The partnership with Baidu comes amid heightened trade tensions between the United States and China, a lot of which are centered around advanced technologies, and highlights how companies from the two countries continue to work together.
Udelv CEO Daniel Laury said using Apollo software helped speed up development of the company’s latest self-driving delivery van, dubbed the Newton.
“Baidu’s Apollo brings us one step closer towards realizing our mission of reinventing delivery by bringing autonomous vehicles to the e-commerce industry,” Laury said in a statement.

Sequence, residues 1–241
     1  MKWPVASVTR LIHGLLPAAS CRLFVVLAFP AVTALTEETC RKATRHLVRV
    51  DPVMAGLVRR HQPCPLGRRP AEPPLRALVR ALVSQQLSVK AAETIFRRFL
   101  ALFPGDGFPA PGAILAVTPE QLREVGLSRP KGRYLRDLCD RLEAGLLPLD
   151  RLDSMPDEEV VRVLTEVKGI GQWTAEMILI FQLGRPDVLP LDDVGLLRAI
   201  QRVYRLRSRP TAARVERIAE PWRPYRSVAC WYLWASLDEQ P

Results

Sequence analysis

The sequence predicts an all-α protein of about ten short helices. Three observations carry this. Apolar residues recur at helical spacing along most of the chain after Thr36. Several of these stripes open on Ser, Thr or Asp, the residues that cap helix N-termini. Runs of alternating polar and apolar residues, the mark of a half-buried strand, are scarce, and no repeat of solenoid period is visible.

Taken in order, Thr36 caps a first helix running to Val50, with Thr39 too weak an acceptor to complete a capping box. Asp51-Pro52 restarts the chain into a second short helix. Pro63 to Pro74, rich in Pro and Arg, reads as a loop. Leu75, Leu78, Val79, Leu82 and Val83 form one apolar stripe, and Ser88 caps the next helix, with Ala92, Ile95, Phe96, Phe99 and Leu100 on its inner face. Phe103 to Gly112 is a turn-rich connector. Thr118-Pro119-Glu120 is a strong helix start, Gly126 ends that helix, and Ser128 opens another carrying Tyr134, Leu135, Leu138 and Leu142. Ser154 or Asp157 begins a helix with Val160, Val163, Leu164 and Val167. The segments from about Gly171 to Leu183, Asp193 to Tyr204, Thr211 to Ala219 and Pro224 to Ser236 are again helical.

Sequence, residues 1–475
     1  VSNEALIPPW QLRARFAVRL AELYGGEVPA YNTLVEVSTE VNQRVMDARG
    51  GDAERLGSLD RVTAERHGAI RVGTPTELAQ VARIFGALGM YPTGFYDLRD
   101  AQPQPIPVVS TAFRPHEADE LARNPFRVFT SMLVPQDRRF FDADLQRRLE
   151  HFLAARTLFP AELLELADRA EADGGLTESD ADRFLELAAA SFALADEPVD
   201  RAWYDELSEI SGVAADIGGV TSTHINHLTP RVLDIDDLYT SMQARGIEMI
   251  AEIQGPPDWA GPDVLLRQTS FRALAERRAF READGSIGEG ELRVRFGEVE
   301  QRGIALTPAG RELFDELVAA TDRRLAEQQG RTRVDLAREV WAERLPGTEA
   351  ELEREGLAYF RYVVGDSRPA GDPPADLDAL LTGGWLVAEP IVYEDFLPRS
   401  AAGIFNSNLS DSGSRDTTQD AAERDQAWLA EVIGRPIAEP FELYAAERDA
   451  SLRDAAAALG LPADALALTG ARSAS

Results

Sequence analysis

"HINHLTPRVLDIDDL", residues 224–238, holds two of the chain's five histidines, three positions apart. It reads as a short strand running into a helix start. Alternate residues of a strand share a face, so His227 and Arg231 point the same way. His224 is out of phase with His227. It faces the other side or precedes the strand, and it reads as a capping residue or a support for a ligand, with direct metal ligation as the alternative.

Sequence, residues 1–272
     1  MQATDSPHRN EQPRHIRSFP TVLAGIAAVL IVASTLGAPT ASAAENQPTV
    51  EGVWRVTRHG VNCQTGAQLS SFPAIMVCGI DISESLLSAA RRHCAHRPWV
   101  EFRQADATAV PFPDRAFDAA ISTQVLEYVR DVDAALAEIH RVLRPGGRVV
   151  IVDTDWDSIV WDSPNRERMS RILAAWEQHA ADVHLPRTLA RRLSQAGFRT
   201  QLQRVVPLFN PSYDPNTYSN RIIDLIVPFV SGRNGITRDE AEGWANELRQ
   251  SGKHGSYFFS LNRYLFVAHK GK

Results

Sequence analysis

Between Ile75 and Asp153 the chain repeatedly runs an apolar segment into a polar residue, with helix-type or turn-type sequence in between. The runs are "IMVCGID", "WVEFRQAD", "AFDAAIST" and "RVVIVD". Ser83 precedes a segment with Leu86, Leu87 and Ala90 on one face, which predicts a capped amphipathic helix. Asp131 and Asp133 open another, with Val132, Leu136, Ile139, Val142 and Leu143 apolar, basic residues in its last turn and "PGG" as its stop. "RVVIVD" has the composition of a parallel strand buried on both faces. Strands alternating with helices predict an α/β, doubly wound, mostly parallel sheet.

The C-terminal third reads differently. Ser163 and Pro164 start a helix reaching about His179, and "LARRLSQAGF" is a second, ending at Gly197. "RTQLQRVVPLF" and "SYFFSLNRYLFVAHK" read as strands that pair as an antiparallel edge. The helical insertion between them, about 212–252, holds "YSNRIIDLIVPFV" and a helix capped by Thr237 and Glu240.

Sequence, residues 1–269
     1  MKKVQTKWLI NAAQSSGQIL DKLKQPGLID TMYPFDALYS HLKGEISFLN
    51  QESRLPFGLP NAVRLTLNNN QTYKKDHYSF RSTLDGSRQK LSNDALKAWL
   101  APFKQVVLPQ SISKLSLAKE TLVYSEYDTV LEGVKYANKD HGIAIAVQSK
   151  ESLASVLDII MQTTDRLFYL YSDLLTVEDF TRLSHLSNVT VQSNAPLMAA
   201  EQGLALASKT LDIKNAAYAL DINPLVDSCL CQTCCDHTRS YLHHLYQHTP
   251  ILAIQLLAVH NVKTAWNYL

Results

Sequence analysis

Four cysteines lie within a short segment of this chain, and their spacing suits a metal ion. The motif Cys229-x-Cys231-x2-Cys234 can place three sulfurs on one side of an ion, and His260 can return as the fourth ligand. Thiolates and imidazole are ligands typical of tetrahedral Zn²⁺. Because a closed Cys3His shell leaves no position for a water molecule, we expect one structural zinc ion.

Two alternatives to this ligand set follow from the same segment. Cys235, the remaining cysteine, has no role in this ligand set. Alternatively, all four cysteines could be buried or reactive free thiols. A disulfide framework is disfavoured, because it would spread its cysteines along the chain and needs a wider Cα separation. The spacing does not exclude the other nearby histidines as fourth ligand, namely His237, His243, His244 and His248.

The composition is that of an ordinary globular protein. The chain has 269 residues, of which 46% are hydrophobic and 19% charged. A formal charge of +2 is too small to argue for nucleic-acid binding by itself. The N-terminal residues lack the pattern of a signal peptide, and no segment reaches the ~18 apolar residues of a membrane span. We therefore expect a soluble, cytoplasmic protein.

Udelv’s Newton “is a prime example of Apollo accelerating innovation and utility in the autonomous driving industry,” said Jingao Wang, head of Baidu’s Apollo platform.
The self-driving delivery vans will be used by other US companies in San Mateo, California, and Houston, Texas.
The tie-up with Udelv and Walmart will pit Baidu against one of its biggest autonomous driving rivals, Waymo.
Baidu’s self-driving car unit is partly based in Silicon Valley, and the company was one of the first to apply for a license to test driverless cars in California. It got approval to start testing them in September 2016.
Baidu said Apollo is currently used by about 12,000 developers worldwide.